Lure: What calls people to public office?
Scott Mooneyham began his newspaper career with the Goldsboro News-Argus. Later he served as the chief legislative correspondent for The Associated Press. His Raleigh column, which he now writes for the Capitol Press Association, appears regularly in this newspaper and others across the state.
He is respected among his peers in the media and among those who serve in state government.
Recently he wrote a piece ruminating on why people are lured into public office. The reasons could be many, he speculated, but he focused on one — the attraction of political power.
And to make his point, Mooneyham focused on Henson Barnes. A former president pro tem of the N.C. Senate, Barnes was elected from Wayne County where he had established his law practice. He served in the House before going to the Senate and quickly rose in popularity and respect to become president pro tem.
In that role, Barnes was one of the most powerful people in Raleigh, Mooneyham pointed out. The Republican governor — Jim Martin — had no veto and the Republican lieutenant governor had been stripped of power by Democrats who controlled both houses of the General Assembly.
Mooneyham told of people in the state’s capital “bowing and scraping” to Barnes who, when back home, was taken for granted as a fellow citizen who had done all right for himself and was doing a good job for his constituents.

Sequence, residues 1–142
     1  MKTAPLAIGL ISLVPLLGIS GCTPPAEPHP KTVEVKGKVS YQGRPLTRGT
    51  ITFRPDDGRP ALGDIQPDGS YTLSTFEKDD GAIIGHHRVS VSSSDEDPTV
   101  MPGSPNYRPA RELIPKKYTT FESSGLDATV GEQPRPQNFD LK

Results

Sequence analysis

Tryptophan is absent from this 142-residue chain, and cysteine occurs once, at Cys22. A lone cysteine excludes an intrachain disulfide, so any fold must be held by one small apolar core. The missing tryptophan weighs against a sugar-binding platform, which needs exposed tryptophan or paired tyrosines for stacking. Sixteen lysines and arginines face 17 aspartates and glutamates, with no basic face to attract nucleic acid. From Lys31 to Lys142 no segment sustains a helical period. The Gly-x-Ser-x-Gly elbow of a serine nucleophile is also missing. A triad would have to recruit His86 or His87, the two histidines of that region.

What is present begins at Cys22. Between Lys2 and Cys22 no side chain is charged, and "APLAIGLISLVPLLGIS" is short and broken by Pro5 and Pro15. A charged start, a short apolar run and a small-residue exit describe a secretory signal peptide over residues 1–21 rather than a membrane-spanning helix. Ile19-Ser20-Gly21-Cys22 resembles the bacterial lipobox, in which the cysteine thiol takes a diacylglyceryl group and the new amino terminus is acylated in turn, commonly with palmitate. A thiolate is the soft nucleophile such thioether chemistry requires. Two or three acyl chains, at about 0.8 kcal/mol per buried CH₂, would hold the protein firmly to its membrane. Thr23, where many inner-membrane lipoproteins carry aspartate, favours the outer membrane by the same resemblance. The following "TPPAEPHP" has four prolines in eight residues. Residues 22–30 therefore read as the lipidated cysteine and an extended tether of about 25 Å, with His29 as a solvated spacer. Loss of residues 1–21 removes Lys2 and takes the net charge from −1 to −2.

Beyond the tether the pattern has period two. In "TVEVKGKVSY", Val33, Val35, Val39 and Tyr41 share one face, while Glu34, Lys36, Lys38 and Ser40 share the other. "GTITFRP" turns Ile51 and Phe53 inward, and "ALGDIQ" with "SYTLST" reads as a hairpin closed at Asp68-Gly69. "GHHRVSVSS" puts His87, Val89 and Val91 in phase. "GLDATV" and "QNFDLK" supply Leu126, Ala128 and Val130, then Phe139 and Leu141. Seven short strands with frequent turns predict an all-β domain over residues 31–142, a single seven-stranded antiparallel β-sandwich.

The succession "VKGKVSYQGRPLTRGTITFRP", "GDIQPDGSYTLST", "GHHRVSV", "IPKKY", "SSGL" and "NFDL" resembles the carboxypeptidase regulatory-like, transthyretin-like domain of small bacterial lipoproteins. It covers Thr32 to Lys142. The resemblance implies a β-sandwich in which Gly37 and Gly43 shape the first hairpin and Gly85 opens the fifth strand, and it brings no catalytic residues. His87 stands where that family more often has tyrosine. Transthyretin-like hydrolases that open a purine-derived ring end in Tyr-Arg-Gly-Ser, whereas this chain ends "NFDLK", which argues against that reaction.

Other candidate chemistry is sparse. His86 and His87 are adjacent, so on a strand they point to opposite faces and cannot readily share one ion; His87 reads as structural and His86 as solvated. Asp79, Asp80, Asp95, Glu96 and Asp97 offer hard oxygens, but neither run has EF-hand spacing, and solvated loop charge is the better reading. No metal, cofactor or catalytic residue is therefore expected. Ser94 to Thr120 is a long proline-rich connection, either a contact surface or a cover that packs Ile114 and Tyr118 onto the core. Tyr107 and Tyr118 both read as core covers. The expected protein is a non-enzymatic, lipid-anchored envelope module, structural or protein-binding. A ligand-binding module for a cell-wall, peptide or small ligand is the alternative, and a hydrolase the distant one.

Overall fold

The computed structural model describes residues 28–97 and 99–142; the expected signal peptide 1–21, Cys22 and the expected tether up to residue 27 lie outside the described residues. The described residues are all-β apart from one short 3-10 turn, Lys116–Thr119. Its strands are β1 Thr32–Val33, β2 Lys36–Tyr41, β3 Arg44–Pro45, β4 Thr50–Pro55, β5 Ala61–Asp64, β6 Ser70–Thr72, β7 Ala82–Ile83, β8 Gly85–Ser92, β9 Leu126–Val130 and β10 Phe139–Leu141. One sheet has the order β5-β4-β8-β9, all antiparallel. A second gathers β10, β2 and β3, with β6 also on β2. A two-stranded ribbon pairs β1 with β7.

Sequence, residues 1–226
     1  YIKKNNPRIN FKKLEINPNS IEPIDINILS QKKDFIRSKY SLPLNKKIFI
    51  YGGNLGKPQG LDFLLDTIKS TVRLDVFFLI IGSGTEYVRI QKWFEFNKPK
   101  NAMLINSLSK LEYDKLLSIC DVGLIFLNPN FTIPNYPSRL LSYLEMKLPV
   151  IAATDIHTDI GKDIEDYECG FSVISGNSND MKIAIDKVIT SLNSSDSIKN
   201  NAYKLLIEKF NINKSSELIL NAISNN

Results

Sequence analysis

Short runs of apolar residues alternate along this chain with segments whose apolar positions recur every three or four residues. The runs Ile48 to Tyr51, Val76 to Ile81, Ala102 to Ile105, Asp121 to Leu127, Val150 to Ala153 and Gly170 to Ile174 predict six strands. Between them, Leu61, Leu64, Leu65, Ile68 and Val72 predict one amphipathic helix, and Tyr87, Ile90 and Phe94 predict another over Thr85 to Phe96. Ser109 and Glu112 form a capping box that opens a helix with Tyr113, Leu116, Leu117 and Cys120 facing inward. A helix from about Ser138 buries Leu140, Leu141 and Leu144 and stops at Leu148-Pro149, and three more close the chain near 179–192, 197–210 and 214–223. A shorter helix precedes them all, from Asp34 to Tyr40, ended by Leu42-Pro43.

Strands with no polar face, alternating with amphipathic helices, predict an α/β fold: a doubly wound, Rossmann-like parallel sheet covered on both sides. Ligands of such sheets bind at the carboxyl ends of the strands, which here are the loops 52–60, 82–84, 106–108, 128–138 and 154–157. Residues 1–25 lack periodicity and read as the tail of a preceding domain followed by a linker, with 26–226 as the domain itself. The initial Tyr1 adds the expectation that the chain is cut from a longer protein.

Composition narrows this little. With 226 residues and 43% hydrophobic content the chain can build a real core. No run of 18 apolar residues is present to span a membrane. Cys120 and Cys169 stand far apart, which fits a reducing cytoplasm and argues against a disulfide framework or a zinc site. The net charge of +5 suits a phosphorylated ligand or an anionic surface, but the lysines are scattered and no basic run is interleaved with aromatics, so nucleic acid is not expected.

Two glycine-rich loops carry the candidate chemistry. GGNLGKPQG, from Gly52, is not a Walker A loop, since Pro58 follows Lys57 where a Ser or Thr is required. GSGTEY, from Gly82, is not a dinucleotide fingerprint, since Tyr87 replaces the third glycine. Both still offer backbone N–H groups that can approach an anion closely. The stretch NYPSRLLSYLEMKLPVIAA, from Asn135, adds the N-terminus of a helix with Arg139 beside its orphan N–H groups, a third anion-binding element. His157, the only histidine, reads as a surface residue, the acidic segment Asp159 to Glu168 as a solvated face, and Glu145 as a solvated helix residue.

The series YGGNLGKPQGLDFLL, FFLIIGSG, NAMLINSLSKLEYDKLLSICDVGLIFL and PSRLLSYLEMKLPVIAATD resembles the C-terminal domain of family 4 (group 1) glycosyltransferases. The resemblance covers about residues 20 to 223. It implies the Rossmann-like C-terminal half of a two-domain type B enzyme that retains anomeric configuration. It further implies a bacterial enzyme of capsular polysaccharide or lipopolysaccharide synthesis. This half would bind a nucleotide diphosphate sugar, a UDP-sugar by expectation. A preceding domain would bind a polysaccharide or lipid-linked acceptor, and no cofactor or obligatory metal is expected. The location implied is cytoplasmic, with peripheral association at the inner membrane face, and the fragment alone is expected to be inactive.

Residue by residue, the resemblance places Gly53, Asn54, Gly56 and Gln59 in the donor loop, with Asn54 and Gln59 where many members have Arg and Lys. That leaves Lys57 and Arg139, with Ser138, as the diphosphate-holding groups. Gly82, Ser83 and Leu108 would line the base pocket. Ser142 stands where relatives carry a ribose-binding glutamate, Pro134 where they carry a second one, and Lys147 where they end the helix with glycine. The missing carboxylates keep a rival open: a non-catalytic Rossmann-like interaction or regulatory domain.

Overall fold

To his fellow citizens Henson Barnes was never one to gloat over or even aspire to a position of great power. To the contrary, throughout his public career, he manifested a sincere sense of modesty, easily misread as shyness.
He had great insights into the workings of the General Assembly combined with a low-key but effective persuasiveness. Barnes was anything but a browbeater or one who cottoned to being fawned over.
Ambitious? Probably. But quietly so. He considered running for attorney general, giving rise to speculation that he ultimately might like to serve his state as governor. When he determined that he lacked the statewide name recognition or the financial resources to gain it, he bowed out of the attorney general’s race — and declined to offer again for the Senate.
Later he gradually withdrew from the daily activities of his law firm and focused on his first love — farming. He now runs a successful blueberry farm in Bladen County.
There undoubtedly are many who revel in the trappings of power, positions of great influence and having people, figuratively, falling down at their feet as they stroll down the halls of high office.
But Henson Barnes had “been there and done that.” And he gave it up, voluntarily.
Colleague and constituency adulation obviously had had no bonding appeal.
Today he is found close to the soil, in the fields and near the black waters of Bladen County where he grew up as one of seven children of an itinerant preacher-tenant farmer. And there Henson Barnes apparently has found far greater contentment than he experienced being one of the North Carolina Legislature’s most powerful figures.
Published in Editorials on July 15, 2004 11:04 AM